•       Educate yourself on common pet health issues

•       Consider pet insurance, especially for young pets

•       Keep cats indoors to prevent accidents and disease

•       Try DIY grooming with proper tools

•       Keep harmful household products out of reach

•       Create homemade pet toys and furniture

•       Whip up homemade pet treats

 

 

ENDS

 

REFERENCES & FURTHER DETAILS

 

1. YouGov. (2024). Paws and Pocketbooks Research Study. Conducted for HCF. Fieldwork undertaken between 14 and 18 February 2024. Total sample size: 1,043 adult pet owners aged 18 and above. The survey was carried out online. Figures weighted and representative of all Australian adult pet owners aged 18 and above.

2. SECNewgate Research. (2022). Animal Medicines Australia, Pets in Australia: A national survey of pets and people [Report]. Commercial in confidence.

3. PetSure. (2023). PetSure's Pet Health Monitor 2023 Report. Retrieved from: https://petsure.com.au/pet-health-monitor/

4. The gap means the difference between the vet’s invoice and the eligible claim benefit under your policy. GapOnly® is a trademark owned by PetSure (Australia) Pty Ltd ABN 95 075 949 923, AFSL 420183 (PetSure). GapOnly® is available on eligible claims at participating Vets with a pet insurance policy from a GapOnly® pet insurance partner.

5. Policy Terms and Conditions, limits, sub-limits, exclusions, excesses and waiting periods apply.

6. VetChat is a non-insurance product that is separate from the HCF Pet insurance product and is separately provided by VetChat Services Pty Ltd (VetChat). VetChat is a related company of PetSure (Australia) Pty Ltd. VetChat consult membership and consultations are subject to VetChat’s general Terms and Conditions, including the Privacy Policy which are available online at http://www.vetchat.com.au.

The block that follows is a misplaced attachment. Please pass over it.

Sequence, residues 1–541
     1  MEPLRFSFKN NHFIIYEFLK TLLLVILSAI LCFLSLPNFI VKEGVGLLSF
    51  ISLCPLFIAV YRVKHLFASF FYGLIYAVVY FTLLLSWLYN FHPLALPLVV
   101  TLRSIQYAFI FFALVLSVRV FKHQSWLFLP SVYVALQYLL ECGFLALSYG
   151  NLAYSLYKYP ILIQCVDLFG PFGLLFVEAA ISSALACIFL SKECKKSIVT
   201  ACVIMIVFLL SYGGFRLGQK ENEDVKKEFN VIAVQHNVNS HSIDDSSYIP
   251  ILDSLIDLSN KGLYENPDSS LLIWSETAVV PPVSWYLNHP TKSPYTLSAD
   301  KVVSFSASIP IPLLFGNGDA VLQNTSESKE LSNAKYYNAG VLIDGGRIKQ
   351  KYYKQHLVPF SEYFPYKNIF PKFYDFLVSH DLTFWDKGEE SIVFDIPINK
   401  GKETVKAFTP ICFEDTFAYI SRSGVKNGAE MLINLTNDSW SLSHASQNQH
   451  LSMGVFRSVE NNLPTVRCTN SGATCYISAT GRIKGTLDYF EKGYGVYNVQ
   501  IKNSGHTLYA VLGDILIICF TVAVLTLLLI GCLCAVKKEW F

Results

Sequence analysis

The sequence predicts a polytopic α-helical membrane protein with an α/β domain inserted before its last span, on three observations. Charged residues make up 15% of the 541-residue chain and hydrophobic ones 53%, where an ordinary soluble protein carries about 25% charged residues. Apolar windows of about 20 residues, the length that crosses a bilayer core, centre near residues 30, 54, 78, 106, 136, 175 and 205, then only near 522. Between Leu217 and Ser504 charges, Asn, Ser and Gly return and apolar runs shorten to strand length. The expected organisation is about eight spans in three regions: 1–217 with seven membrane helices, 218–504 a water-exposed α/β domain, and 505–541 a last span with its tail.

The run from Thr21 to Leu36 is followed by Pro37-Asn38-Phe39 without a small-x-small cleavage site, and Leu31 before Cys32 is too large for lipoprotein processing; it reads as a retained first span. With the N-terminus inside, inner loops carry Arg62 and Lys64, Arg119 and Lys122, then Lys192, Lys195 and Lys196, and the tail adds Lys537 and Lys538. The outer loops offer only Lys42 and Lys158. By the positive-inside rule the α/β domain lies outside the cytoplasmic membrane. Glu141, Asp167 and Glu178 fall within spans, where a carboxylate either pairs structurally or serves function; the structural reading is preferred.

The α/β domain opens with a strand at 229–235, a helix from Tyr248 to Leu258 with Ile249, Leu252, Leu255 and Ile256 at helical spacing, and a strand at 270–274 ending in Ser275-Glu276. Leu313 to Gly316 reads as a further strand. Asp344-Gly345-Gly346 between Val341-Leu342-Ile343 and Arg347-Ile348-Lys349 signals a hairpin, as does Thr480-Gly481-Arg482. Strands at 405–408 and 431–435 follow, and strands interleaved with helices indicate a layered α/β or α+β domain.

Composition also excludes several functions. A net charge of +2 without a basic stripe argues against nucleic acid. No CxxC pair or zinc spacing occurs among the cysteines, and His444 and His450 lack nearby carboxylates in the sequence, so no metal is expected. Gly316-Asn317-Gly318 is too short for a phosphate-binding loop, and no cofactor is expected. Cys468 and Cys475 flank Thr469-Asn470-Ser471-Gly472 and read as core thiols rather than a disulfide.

Key Facts:

·       80% of pet owners are concerned about how much it costs to take care of their pets.

·       Pet parents spend a minimum of $1,715 annually for a cat and $3,218 for a dog each year.

·       Pet healthcare expenses have risen at a rate higher than inflation.

·       Veterinarian Dr Katrina Warren encourages pet owners to stock up on pet supplies in bulk, try DIY grooming with proper tools, and consider pet insurance – especially for young pets.


About us:

ABOUT HCF

HCF, Australia’s largest not-for-profit health fund protecting Australians since 1932, covers almost 2 million members with health and life insurance, and travel and pet insurance. HCF has been awarded Outstanding Value Health Insurance by Canstar eight years in a row from 2016-2023. On average over the last ten years, HCF has paid out more cents in every dollar in premiums to members as benefits than the industry average. To learn more about HCF go to hcf.com.au/about-us

 

ABOUT HCF PET INSURANCE

HCF Pet Insurance is issued by The Hollard Insurance Company Pty Ltd ABN 78 090 584 473 (AFSL 241436). The insurance is distributed and promoted by The Hospitals Contribution Fund of Australia Limited (HCF) ABN 68 000 026 746 (AFSL 241414) and arranged and administered by PetSure (Australia) Pty Ltd ABN 95 075 949 923 (AFSL 420183). Any advice provided is general only and does not consider your individual objectives, financial situation or needs. Consider the Product Disclosure Statement (PDS) and Target Market Determination (TMD), available at hcf.com.au/insurance/pet before deciding if the product is right for you and please do not assume that pet insurance and health insurance are similar. HCF may receive a commission of up to 17% of the premium for promoting HCF Pet Insurance policies. For more information, contact HCF on 1800 630 681 or hcf@petsure.com.au. HCF Pet Insurance is not part of HCF's health insurance business.

 


Contact details:

For more information about the research or to arrange an interview with Dr Katrina Warren contact:

Joni Thomes +61 475 576 738 or jthomes@hcf.com.au